Because dermaplaning is a quick procedure with few to no adverse effects, it has quickly gained popularity among cosmetic medical providers across the country. Using a scalpel and a delicate touch, the provider simply abrades the surface of the skin using light feathering strokes. This is a great treatment to offer to patients who are pregnant or nursing who want a deep exfoliation, but are not allowed to use peeling agents on their skin because of the risk that the chemicals will be absorbed into the bloodstream, and may be transferred to the fetus. It is also a first choice for patients who have excess vellus hair on the skin.
Although merely an old wives’ tale, many patients are often concerned that the hair will grow back heavier and darker after dermaplaning. This is not the case. As long as the hair is superficial vellus hair, it will grow back at the same rate and texture as before the treatment.
Removing epidermal skin also allows products to penetrate more readily into the deeper layers. Physicians may recommend this treatment to prepare the skin for medical procedures such as laser treatments or deep chemical peels. It may also be used by estheticians to prepare the skin for superficial chemical peels or before a cleansing facial.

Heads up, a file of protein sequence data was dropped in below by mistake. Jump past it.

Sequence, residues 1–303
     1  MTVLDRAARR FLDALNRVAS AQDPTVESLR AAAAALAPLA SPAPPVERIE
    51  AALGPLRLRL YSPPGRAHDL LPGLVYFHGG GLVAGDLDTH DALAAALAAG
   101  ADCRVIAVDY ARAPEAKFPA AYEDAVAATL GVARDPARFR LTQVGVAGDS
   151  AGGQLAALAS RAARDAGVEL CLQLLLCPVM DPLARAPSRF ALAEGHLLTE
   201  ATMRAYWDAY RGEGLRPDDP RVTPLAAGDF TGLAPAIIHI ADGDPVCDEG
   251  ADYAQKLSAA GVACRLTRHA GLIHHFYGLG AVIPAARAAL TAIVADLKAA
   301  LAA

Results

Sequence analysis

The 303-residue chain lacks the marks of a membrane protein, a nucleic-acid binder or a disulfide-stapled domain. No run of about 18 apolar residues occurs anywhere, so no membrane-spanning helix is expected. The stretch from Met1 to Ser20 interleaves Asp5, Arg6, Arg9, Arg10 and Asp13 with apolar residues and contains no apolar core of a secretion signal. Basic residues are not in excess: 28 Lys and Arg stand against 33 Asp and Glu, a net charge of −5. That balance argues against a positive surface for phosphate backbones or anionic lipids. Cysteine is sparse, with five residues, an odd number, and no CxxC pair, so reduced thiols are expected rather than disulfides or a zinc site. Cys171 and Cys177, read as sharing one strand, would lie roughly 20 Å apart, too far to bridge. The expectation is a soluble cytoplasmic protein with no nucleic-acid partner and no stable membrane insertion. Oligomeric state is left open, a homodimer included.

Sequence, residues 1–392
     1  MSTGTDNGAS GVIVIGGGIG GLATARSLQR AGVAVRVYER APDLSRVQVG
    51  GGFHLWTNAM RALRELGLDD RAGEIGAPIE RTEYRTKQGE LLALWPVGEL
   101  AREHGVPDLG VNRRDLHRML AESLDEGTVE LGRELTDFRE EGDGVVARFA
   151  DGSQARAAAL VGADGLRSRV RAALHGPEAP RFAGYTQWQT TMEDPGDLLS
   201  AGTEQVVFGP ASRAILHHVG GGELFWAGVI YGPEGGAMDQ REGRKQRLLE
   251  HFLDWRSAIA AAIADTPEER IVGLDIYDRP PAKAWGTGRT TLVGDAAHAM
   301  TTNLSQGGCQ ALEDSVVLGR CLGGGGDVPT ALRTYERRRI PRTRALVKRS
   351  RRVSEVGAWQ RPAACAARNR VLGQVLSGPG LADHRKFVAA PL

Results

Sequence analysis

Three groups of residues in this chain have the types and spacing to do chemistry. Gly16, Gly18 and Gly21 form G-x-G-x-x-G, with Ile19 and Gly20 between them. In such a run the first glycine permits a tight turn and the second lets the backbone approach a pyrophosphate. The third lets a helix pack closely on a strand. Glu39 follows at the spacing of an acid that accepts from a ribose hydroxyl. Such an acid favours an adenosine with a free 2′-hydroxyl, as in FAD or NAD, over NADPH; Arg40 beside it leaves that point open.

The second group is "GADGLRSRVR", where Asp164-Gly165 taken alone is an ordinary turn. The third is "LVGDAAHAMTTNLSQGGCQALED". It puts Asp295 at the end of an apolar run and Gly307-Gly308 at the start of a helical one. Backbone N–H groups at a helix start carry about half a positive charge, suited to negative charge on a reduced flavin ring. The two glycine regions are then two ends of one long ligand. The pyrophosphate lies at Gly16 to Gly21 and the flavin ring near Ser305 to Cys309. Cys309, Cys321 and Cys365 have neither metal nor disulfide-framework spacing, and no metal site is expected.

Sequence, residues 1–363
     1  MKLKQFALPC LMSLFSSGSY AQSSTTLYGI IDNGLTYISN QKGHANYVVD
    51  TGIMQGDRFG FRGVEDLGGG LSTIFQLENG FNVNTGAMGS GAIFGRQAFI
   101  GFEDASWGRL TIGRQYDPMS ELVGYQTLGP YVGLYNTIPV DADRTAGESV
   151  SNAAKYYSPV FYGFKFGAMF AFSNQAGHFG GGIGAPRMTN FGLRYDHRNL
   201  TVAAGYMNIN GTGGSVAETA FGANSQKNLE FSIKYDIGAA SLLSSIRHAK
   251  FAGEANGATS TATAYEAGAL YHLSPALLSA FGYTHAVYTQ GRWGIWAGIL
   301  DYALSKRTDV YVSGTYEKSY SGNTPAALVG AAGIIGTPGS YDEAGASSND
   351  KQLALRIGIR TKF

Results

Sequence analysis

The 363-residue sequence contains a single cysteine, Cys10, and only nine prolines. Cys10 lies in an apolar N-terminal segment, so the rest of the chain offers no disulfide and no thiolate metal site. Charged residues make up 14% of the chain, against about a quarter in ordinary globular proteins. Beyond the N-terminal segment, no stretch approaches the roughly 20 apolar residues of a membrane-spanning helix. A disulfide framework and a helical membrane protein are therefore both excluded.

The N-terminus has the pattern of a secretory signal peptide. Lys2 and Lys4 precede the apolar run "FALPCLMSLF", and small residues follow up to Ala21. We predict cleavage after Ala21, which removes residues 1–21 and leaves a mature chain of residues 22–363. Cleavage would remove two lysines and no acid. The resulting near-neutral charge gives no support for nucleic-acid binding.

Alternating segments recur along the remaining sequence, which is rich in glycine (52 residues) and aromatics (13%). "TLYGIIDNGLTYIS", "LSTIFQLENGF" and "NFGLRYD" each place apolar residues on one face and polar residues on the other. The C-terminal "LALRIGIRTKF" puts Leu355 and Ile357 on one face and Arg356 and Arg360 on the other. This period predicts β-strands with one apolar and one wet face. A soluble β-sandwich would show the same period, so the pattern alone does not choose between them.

Dermaplaning is most often used on patients with rough, dry skin, superficial hyperpigmentation, mild acne scarring, or fine lines and wrinkles. The treatment results in a more refined, smooth, “glowing” appearance.
WHAT THE PATIENT CAN EXPECT?
There is no downtime associated with this procedure. The patient should be educated about the importance of using sunscreen to reduce the chance of hyperpigmentation. Dermaplaning can be done as often as every two weeks, although it is usually done when vellus hair starts to grow back, which is generally in one month’s time.
The only contraindications to dermaplaning include an allergy to nickel, numerous raised lesions on the skin and inflamed acne.
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